Michael Beatty shows students his hybrid sculptures during the "Summa" art exhibition. Photo by Tom Rettig
Students gather in the Iris and B. Gerald Cantor Art Gallery. Photo by Tom Rettig
Michael Beatty explains his artwork to a group of students. Photo by Tom Rettig
A group gathered in the Iris and B. Gerald Cantor Art Gallery for the "Summa" exhibition. Photo by Tom Rettig
Scattered across a table built using the golden ratio were a series of small-scale hybrid sculptures created by Associate Professor Michael Beatty. His work, a mix of handmade and digitally printed forms, was among the artwork featured in “Summa,” an Iris and B. Gerald Cantor Art Gallery fall exhibition that showcased new work by the eight artists who make up Holy Cross’ visual arts faculty: Beatty, Rachelle Beaudoin, John Carney, Matthew Gamber, Victor Pacheco, Cristi Rinklin, Susan Schmidt and Leslie Schomp.
A quick scan of the gallery revealed the scope of the faculty’s mastery, represented through media that included photography, painting, digital media and printmaking. To augment the exhibition, each artist-educator led a demonstration inviting students and the wider community into their process of creation.
“I’m interested in the intersection of art and science — the two things that I loved when I was your age in school,” Beatty shared with students gathered around his work in the gallery. His sculptures, small enough to fit in one hand and resembling organic forms, heavily incorporate elements created using 3-D printing technology. In the ideation stage, Beatty draws his forms on the computer, often starting with mathematical figures.
“I’m in awe of the way that math can become this sort of window through which we can see the world, but I also realize that our lived experience is very different from the sort of rigid rules of mathematics. We see the world and there is pain and suffering; there is wonder and awe,” Beatty explained. “In a funny way, I’m trying to use this mathematical model to look at something very different — to give ideas physical form.”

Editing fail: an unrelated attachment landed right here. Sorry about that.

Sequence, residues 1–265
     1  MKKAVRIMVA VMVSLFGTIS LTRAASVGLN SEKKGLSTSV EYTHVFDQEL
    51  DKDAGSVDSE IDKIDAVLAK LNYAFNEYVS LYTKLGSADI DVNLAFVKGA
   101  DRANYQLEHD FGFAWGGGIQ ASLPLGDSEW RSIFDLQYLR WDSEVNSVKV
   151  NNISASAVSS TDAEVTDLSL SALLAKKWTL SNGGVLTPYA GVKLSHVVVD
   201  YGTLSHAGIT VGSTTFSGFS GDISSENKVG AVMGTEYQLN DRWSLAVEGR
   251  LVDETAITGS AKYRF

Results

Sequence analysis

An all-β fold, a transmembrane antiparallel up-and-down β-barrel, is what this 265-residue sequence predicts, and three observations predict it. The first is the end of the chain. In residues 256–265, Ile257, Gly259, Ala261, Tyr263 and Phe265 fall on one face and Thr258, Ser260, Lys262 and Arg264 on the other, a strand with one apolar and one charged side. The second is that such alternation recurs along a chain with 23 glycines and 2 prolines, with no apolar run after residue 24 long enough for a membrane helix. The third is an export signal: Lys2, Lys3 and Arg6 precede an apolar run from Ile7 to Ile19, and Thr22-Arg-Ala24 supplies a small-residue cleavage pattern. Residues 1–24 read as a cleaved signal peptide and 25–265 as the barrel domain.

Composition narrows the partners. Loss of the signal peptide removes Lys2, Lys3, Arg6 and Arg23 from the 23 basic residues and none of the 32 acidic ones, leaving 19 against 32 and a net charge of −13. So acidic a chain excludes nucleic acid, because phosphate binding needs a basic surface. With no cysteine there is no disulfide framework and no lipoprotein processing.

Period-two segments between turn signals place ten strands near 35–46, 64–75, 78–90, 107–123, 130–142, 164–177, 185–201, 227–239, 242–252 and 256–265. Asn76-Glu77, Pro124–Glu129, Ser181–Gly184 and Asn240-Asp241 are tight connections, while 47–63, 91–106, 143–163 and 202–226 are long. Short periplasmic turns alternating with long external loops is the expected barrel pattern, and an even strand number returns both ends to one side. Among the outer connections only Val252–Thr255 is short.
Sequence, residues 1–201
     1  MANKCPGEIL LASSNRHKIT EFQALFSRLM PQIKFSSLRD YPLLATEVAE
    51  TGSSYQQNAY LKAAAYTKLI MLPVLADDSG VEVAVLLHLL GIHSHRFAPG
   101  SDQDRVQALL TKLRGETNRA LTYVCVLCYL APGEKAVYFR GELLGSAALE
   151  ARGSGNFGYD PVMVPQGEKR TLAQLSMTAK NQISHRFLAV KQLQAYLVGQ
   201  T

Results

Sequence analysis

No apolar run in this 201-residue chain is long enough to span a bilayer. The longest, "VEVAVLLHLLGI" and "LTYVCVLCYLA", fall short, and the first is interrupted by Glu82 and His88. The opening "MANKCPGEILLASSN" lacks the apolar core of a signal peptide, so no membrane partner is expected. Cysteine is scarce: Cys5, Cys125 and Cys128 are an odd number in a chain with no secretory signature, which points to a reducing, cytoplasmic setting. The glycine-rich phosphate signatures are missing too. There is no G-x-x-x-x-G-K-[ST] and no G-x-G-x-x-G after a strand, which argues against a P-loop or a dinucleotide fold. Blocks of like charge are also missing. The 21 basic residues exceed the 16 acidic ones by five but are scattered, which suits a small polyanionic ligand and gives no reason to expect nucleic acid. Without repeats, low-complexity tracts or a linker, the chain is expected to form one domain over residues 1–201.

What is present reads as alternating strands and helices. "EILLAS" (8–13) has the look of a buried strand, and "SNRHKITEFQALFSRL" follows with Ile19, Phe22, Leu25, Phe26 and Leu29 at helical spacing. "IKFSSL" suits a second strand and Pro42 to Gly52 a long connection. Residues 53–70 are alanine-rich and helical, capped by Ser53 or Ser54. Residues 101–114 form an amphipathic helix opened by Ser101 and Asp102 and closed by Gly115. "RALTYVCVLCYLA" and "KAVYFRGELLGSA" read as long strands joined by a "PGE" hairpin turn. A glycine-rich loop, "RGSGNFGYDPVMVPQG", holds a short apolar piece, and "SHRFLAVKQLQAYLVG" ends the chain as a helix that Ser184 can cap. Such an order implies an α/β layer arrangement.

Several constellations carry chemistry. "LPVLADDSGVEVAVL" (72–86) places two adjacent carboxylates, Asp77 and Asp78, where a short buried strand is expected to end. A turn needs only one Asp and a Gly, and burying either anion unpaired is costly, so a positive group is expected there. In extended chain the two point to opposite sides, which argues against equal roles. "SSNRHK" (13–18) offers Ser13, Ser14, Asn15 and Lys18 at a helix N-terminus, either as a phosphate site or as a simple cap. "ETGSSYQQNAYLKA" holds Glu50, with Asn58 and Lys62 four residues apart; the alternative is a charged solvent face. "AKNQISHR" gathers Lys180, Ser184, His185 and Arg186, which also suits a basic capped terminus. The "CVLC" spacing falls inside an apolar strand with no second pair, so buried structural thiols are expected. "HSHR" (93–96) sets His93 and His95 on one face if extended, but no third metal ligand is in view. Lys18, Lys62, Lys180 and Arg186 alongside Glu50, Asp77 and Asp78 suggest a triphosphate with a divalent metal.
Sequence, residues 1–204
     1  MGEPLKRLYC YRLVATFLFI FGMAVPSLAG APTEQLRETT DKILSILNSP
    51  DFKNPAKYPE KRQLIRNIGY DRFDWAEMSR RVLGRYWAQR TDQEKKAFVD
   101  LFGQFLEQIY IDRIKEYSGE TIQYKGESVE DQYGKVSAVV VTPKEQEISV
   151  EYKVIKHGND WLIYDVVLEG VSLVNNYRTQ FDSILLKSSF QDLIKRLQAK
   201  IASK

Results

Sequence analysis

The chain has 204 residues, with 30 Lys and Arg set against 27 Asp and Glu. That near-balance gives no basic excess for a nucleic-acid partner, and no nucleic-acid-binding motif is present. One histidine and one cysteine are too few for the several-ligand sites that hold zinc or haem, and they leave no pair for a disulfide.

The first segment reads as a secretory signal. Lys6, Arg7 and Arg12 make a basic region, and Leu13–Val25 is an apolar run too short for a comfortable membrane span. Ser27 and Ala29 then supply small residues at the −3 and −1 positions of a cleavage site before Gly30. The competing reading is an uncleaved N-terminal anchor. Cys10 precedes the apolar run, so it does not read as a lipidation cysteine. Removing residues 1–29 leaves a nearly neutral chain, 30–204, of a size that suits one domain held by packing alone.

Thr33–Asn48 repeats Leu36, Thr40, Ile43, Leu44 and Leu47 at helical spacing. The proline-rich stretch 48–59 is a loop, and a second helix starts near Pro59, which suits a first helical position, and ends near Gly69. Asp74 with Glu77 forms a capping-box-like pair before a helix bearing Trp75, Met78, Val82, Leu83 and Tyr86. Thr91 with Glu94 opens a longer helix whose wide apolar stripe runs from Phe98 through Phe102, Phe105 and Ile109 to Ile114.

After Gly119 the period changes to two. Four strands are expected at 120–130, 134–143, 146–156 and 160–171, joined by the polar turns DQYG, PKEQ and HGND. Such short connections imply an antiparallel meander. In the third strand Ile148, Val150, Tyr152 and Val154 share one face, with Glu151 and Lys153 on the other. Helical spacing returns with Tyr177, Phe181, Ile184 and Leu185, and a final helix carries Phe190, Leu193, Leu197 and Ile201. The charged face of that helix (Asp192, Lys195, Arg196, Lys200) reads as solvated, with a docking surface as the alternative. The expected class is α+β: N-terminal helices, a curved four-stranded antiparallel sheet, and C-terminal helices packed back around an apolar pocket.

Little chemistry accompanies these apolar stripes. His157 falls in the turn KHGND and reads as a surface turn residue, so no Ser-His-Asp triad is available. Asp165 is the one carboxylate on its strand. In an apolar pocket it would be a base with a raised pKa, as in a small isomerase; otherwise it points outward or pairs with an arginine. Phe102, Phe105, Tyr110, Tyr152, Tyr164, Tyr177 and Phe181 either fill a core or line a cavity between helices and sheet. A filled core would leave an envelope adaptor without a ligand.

Some of Beatty’s work in “Summa” — like one 3-D sculpture that was filled in with plaster rather than left open and porous like much of his work — was created during his recent sabbatical when, he explained, he had the rare opportunity and space to experiment.
“I think it was just playing in the studio, to be honest with you,” he shared about the solid form. “I got bored one day and started filling in the thing. It’s been a long time since I’ve had that kind of time to devote to the studio. And it’s amazing, for those of you who are studio art students here, the idea of playing. Have time to play, make mistakes and throw things out.”
The exhibition — held every three years — gave students and the community a rare glimpse into the creative process of the practicing visual artists who serve as educators at Holy Cross.
Written by Evangelia Stefanakos ’14 for the Winter 2019 issue of Holy Cross Magazine.
About Holy Cross Magazine
Holy Cross Magazine (HCM) is the quarterly alumni publication of the College of the Holy Cross. The award-winning publication is mailed to alumni and friends of the College and includes intriguing profiles, make-you-think features, alumni news, exclusive photos and more. Visit magazine.holycross.edu/about to contact HCM, submit alumni class notes, milestones, or letters to the editor.
Comments are closed.